Internists Oppose Medicaid Eligibility Restrictions Based on Employment

Statement attributable to:
Jack Ende, MD, MACP
President, American College of Physicians

Washington, DC (January 11, 2018)—The American College of Physicians (ACP) is strongly opposed to making access to health care coverage through Medicaid conditional on an individual’s employment status.   A newly announced policy from the Centers for Medicare and Medicaid Services (CMS) provides guidance to states on how they may proceed in imposing work requirements on Medicaid recipients.

Medicaid was designed as a health care program, to provide vulnerable members of our society with access to care they badly need. Work requirements impose an additional, unnecessary barrier to allowing patients access to vital health care services for people who need access and coverage the most.

A recent analysis  by the Kaiser Family Foundation shows that while 80 percent of Medicaid enrollees are in working families and a majority are working themselves, among the adult Medicaid enrollees who were not working, most report major impediments to their ability to work. The analysis noted that, More than one-third of those not working reported that illness or disability was the primary reason for not working. . . nearly nine in ten (88%) non-SSI Medicaid adults who report not working due to illness or disability has a functional limitation, and more than two-thirds (67%) have two or more chronic conditions such as arthritis or asthma. 30% of non-working Medicaid adults reported that they did not work because they were taking care of home or family; 15% were in school; 6% were looking for work and another 9% were retired. Women accounted for 62% of Medicaid enrollees who were not working in 2016, and parents with children under the age of 6 accounted for 17%.”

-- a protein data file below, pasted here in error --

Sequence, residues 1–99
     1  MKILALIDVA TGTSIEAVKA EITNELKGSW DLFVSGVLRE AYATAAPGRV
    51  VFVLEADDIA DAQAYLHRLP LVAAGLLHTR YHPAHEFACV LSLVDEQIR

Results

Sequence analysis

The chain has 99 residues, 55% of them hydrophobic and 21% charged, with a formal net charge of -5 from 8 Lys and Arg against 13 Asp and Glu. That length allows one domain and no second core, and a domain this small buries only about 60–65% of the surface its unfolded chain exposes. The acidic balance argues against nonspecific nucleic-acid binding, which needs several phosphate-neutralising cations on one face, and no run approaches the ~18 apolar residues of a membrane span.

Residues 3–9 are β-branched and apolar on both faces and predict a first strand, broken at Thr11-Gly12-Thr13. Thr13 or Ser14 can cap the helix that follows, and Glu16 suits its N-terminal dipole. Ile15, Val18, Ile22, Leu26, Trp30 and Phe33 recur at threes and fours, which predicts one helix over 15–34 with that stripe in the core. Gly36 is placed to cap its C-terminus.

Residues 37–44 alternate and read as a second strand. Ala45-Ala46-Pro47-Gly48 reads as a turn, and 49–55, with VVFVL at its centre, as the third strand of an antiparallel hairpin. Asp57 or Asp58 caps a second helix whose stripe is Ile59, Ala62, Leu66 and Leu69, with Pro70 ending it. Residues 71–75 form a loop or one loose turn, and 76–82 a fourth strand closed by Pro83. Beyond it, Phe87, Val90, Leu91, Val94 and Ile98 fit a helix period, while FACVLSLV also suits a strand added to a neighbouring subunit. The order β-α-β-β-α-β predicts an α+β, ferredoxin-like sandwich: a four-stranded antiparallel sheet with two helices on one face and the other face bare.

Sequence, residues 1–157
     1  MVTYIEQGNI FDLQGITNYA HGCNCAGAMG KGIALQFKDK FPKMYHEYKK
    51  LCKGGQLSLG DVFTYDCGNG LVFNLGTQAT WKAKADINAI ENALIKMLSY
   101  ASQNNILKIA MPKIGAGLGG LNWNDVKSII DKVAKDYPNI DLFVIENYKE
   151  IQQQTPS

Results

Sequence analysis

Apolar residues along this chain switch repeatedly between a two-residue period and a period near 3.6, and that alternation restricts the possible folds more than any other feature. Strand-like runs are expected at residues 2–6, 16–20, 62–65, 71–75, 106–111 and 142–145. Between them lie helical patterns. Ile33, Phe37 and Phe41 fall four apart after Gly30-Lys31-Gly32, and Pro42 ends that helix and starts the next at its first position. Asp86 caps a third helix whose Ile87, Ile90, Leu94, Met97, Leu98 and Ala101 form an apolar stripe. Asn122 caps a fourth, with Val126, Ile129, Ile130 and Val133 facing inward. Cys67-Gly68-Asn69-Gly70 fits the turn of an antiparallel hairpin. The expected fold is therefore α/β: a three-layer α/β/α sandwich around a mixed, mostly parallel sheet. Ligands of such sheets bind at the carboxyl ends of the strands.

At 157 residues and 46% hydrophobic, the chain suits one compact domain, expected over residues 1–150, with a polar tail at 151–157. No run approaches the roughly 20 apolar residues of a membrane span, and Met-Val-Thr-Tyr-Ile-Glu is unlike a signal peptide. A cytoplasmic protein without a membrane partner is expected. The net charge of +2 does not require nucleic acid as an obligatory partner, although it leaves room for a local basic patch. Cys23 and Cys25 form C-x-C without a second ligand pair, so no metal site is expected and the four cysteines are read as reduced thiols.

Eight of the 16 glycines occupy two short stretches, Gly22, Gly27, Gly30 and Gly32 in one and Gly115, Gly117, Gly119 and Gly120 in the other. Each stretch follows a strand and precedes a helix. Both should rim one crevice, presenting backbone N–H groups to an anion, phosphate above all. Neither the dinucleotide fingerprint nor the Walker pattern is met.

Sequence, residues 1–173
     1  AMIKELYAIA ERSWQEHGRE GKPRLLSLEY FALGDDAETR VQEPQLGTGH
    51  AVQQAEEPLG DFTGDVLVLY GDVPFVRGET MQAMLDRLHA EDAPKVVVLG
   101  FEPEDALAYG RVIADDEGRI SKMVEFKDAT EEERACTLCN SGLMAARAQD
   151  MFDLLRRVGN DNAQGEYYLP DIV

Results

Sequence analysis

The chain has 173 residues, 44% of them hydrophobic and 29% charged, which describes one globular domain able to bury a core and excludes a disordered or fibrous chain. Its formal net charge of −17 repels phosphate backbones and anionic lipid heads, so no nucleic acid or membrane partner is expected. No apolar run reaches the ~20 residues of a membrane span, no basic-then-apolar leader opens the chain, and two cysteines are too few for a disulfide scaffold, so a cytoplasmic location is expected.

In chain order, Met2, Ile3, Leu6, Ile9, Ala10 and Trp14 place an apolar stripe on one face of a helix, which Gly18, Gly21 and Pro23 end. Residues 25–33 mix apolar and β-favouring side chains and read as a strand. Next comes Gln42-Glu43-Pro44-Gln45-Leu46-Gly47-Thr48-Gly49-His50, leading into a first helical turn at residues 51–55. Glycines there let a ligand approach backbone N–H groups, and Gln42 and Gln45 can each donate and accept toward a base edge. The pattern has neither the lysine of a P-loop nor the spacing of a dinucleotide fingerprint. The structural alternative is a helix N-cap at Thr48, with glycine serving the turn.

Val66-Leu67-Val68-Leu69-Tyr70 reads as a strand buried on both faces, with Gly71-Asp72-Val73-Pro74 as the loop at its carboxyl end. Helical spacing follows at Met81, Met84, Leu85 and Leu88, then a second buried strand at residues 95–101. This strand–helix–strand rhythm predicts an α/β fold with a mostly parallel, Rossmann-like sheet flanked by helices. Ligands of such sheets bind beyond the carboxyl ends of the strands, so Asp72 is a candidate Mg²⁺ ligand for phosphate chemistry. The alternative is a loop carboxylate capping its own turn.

In ACP’s paper, Medicaid Expansion: Premium Assistance and Other Options, we argue that assistance in obtaining employment, such as through voluntary enrollment in skills- and interview-training programs, can appropriately be made available however it should not be a requirement for Medicaid eligibility.

Medicaid is a critical piece of our country’s health care system.  We need to work together to find ways to improve the program, instead of restrict it, so that it better provides health care coverage to those who need it.


About the American College of Physicians
The American College of Physicians is the largest medical specialty organization in the United States with members in more than 145 countries worldwide. ACP membership includes 152,000 internal medicine physicians (internists), related subspecialists, and medical students. Internal medicine physicians are specialists who apply scientific knowledge and clinical expertise to the diagnosis, treatment, and compassionate care of adults across the spectrum from health to complex illness. Follow ACP on Twitter and Facebook.

Contact: Jackie Blaser, (202) 261-4572,